Principal Dorothy Bond of Haywood High School in Brownsville, Tennessee, is the subject of media attention after she reportedly told gay students that they would go to hell. She also reportedly said that pregnant students would end up “jobless, homeless and living off the Government.”
Parents are hot under the collar and the comments could drive a wedge between people living there.
“At first she was talking about PDA and she turned around and she directly pointed to the gay people and said if you’re gay you’re going to hell and if you’re pregnant, you’re life is over,” Amber Whittiemore said.
Whittiemore wasn’t there to hear those words but her friend, who is gay, was. She called Amber in tears.
“When I heard about it, I was outraged,” said Haywood High School parent Tony Snipes.
Snipes says Principal Dorothy Bond has a habit of pushing the envelope.
“A couple of years ago when she was principal over at Sunny Hill one of my children had his hair in braids. At an assembly she told the young men if they’re sitting between the legs of a girl getting their hair braided for a few hours, that they must be gay,” Snipes said.
However, not all parents are critical of Bond, with some saying that she is acting on her beliefs and that she has the kids’ best interests at heart. However, other parents have said this goes beyond any kind of duty she has as principal and is in fact evidence of her proselytizing.
A press release from the ACLU of Tennessee reveals further details.
The statement says that “multiple students” have contacted them regarding an assembly that took place Feb. 9. During that assembly, Principal Bond is reported to have said that gay people are “ruining their lives.” She then apparently threatened severe punishments, such as 60-day suspensions, assignments to an alternative school, or even expulsion, for any student observed to have publicly displayed affection for a member of the same sex. The press release notes that the school already has a policy against public displays of affection. That policy is sexual orientation neutral. Bond’s statement would, therefore, be an addition to that which appears to single out gay identifying kids.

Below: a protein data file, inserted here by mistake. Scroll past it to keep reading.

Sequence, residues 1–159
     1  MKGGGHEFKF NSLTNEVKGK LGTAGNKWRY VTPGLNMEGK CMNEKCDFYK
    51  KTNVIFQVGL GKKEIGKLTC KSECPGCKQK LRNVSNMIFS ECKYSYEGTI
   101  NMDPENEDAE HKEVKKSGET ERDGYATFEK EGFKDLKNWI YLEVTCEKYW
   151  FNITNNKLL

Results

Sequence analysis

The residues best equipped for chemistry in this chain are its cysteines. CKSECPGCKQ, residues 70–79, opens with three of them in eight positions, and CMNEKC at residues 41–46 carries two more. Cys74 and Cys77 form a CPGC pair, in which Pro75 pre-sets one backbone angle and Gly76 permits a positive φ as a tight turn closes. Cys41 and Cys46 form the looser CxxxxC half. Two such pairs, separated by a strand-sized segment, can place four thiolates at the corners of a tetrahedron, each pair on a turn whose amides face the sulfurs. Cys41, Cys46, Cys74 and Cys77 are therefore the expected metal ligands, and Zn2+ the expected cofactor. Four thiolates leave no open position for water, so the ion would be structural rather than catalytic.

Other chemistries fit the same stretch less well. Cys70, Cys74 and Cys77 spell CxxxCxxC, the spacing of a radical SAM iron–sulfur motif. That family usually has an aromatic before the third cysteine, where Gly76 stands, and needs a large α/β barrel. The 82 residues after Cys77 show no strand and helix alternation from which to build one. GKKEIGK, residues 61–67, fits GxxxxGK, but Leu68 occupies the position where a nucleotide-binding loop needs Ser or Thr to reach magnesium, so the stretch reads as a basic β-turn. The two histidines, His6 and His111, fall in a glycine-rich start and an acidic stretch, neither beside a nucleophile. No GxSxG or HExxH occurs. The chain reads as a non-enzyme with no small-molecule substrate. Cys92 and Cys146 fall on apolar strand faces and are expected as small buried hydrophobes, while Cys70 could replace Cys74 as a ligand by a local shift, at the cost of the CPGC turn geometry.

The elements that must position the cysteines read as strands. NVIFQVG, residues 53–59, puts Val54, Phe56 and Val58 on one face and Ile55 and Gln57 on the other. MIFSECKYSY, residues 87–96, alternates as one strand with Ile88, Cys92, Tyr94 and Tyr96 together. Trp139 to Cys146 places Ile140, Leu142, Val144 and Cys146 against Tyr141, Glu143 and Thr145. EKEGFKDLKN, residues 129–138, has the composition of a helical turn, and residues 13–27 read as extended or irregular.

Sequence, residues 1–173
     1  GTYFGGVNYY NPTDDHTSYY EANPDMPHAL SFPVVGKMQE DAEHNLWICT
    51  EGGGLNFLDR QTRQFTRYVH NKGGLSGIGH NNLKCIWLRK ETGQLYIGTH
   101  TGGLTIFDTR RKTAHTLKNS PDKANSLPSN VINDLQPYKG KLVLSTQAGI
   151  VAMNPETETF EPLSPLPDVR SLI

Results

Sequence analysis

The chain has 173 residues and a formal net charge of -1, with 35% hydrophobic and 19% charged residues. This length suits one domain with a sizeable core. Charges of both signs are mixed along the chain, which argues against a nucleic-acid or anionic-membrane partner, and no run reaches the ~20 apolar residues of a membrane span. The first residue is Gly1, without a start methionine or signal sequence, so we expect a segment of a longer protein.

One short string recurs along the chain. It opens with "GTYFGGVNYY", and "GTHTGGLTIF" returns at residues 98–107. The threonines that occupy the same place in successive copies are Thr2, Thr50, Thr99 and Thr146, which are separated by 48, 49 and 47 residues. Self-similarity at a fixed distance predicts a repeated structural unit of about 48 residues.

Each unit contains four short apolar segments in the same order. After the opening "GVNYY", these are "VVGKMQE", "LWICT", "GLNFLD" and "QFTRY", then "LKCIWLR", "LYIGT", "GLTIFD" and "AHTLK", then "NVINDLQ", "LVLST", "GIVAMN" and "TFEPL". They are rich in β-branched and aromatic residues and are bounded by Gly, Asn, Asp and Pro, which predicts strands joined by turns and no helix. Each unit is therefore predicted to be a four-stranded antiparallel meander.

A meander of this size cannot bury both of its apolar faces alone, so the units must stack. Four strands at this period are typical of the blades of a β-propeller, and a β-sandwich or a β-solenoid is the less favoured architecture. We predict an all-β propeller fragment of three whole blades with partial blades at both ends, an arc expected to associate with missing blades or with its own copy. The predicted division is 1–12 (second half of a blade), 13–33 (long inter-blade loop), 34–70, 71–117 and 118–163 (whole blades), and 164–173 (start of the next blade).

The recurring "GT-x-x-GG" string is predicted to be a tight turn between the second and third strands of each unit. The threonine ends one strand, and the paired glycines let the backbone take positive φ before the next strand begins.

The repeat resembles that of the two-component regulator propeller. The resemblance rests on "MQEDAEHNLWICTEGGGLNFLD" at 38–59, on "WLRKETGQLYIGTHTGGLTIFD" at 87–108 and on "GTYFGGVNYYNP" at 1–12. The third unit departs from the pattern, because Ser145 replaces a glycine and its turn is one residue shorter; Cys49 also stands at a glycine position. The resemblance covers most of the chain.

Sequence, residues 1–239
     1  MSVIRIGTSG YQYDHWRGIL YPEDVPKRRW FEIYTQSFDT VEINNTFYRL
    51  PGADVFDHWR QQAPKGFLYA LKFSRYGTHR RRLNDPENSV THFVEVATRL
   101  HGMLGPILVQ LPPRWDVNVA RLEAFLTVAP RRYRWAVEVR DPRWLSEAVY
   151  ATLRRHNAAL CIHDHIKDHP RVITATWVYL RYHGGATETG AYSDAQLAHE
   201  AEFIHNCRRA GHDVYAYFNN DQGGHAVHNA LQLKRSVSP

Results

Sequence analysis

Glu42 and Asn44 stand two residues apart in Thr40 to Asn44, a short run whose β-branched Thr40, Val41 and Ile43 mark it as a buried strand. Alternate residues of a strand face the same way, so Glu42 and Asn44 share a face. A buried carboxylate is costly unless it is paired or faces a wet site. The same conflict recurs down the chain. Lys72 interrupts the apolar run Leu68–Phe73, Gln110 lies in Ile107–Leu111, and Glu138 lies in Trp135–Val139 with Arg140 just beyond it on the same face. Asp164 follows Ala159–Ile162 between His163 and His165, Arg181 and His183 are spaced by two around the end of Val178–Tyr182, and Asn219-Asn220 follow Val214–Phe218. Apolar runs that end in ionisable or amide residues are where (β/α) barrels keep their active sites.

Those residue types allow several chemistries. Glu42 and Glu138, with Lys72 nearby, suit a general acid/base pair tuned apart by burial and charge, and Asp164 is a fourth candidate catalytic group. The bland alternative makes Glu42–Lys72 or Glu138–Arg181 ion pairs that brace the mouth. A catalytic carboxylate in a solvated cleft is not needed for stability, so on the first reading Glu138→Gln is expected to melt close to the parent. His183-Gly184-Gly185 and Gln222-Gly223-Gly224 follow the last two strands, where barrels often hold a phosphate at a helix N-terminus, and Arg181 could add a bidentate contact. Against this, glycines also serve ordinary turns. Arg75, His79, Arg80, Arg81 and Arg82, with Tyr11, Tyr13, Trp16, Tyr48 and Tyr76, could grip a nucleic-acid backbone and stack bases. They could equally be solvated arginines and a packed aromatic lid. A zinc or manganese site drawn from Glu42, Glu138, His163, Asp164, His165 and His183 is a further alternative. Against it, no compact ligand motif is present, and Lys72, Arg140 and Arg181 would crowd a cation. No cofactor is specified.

The ACLU has taken swift action over this, writing a letter to the superintendent of the Haywood County school district, wherein it points out that this latest incident seems to be indicative of a larger problem:
The incident appears to be part of a broader pattern of official anti-gay remarks and policies by the principal, and of incorporating prayers and proselytizing into school events. On one occasion, school officials scolded students who did not bow their heads in prayer and threatened them with discipline. On another occasion, the principal told a lesbian student that she would go to “hell” because of her sexual orientation.
“Students have the right to be who they are at school,” said Amanda Goad, staff attorney with the ACLU LGBT Project. “LGBT students and pregnant and parenting students have just as much right to complete their education as any other student, but too often they face significant barriers or outright discrimination. It’s appalling to think that a principal would kick students out of public school based on her personal religious views.”
The ACLU has asked the school to clarify that students have the constitutional right to identify as gay, lesbian or bisexual; to acknowledge that two students of the same sex are dating; to express LGBT-friendly political views; and to receive an education free from the unlawful promotion of religion by school officials.
At the time of writing, Principal Bond is yet to make a statement. ABC 24 quotes a spokesperson for the district as having said that the district in no way condones discrimination on grounds of personal characteristics. There has not yet been any word on whether disciplinary action will be taken against Bond.
This post is a developing story and will be updated if and when further information becomes available.
UPDATE: The Jackson Sun reports that, according to the school system’s law firm, Dorothy Bond has resigned her position. A statement released through Purcell, Sellers & Craig, Inc., stresses that the Haywood County Board of Education wants to foster an “atmosphere of tolerance and diversity.”
Photo used under the Creative Commons Attribution License, with thanks to Cesar Augusto Serna Sz